We realized quickly that the only way to assess the commercial opportunities that might emerge due to the change in relations between Cuba and the U.S. was to travel to Havana and meet with members of the business community. As a member of HLB International, we have an affiliate in Cuba, Interaudit S.A., that is part of the Ministry of Finances and Prices… so, we simply called.

It was my first call to Cuba. On the line was the CEO of Interaudit, Dra. Elvira Armada Trabas. After explaining the purpose of my call, we were surprised to discover that we had reached out to them at an opportune moment. Interaudit’s management had been recently discussing their need to learn more about the system of accounting, audit and tax practiced in the United States. Provided all of the approvals could be gathered, a visit to Havana would be welcomed.

That simple and brief conversation triggered eight weeks of intense work by both firms in order to make Withum’s exploratory trip to Cuba possible.

The first order of business was to secure an official invitation to travel to Cuba for David Springsteen, Partner and Practice Leader of Withum’s National Tax Services Group, Kimberlee Phelan, Partner and Practice Leader of Withum’s International Services Group and myself, Richard Ingunza, an accountant in Withum’s National and International Tax Services Group in New York. To issue the letter, Interaudit’s management had to secure numerous approvals up the chain of command at the Ministry of Finances and Prices and then similarly up the chain of command at the Ministry of Foreign Relations.

While we waited for the formal invitation letter, we began contacting foreign firms in Havana, active across numerous sectors. We reached out to banks, law firms and professional service firms as well as economists and diplomats. Our approach was universally welcomed and, after many calls, we began to fill out our schedule of meetings.

After two weeks, record time as letters of invitation usually take two months, if not longer, our letter arrived in my email in box. With our schedule in place and our working sessions with Interaudit on Cuban and U.S accounting and tax scheduled too, we turned our attention to the challenge of securing our visas to enter Cuba.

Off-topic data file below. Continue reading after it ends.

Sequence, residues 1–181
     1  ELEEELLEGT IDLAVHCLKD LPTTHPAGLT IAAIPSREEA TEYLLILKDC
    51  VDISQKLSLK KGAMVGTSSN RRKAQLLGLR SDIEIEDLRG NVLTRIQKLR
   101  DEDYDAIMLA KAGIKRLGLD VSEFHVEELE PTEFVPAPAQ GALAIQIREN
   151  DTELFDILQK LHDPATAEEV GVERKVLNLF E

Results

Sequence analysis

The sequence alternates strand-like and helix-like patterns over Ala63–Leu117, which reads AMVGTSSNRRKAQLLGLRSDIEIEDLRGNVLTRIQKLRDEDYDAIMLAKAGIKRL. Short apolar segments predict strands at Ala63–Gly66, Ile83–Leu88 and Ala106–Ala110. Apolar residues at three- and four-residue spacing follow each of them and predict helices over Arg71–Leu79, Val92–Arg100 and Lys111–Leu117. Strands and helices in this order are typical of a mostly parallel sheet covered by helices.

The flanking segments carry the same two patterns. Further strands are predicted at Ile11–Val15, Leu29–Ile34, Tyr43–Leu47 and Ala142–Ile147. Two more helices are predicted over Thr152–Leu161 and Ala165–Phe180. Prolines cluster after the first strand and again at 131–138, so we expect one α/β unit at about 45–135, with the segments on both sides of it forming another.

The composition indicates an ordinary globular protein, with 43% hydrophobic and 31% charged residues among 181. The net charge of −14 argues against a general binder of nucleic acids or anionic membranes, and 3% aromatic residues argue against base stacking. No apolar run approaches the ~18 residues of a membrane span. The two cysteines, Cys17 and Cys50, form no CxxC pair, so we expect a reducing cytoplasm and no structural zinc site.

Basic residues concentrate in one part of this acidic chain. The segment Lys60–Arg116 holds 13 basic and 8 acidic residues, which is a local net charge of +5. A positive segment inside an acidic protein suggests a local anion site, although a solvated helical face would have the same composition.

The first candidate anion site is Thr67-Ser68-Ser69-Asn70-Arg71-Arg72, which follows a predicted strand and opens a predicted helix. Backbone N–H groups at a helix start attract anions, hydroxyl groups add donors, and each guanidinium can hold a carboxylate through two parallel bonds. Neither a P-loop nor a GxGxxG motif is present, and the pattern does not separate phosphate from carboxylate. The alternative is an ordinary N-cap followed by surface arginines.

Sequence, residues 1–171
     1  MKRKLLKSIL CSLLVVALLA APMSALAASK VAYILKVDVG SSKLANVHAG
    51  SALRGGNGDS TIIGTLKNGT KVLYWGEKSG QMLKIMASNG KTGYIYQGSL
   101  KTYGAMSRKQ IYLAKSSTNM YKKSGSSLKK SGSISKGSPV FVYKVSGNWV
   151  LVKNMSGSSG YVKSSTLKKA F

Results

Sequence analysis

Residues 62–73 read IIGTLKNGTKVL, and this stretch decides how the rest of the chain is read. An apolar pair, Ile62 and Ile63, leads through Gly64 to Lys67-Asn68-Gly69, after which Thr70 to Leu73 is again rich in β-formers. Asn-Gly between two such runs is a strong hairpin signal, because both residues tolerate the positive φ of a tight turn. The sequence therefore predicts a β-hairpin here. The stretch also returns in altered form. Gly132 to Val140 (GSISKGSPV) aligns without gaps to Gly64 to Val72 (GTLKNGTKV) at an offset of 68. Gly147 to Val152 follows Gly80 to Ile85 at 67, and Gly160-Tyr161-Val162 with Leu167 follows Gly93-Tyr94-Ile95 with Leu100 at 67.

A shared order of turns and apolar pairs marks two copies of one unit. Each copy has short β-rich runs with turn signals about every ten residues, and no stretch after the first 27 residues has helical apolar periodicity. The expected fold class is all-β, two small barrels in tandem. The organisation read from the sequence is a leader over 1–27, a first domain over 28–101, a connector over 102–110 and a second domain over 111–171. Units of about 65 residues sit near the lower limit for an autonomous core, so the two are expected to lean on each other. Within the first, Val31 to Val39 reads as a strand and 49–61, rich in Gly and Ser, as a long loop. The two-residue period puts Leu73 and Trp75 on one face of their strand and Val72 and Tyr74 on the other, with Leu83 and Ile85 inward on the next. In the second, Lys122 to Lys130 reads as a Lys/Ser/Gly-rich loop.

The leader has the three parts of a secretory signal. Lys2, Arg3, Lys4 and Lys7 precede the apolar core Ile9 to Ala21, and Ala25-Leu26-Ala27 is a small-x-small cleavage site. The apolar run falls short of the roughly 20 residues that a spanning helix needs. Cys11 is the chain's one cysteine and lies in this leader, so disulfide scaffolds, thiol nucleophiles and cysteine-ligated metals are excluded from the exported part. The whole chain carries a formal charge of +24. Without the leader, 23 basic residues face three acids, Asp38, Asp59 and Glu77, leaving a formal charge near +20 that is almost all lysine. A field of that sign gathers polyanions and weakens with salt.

Four weeks before our planned departure, we forwarded our paper work to the Cuban Interest Section in Washington. In order to work through our travel arrangements, we hired a travel consultant to help us with air travel, accommodations, local travel and the documentation for the general license to travel from the U.S. to Cuba to perform professional research and hold professional meetings.

We were told it couldn’t be done. Eight weeks was a minimum to secure a visa, possibly as little as six under extraordinary circumstances. However, we felt that this was an extraordinary time; things were changing and we had to go and see for ourselves. Undeterred, we pressed on and waited for a response.

We were told that if things worked out, they would fall into place at the last minute. Three weeks transpired and we heard nothing from the Cuban Interest Section. Two weeks before our planned departure and we had still not heard back. One week out, we still had no news.

cubaFollow-up calls became more frequent and some of the firms we had on our schedule began to make calls on our behalf to both Cuban officials in Havana and in Washington. Our travel consultants worked the phones reaching out to their contacts and we called and called too.

In the end, it went down to the wire. Three and a half days before our departure, we finally received the news: we were being granted permission to enter Cuba. Three days later, in the late afternoon, we boarded our flight in Miami and headed out across the Straits of Florida towards Havana for what would turn out to be an incredible four day visit.

By Richard Ingunza | 212.829.3219 | ringunza@withum.com

Read Full Post »

In a quest to visit Cuba, my colleagues and I found that just getting approval to travel there is a battle. While the U.S. is expected to lift restrictions which will enable U.S. citizens to travel to Cuba for tourism purposes, right now travel is only allowed so long as the visit falls under one of the following 12 approved categories:

  1. Family visits
  2. Official business of the U.S. government, foreign governments and certain intergovernmental organizations
  3. Journalistic activity
  4. Professional research and professional meetings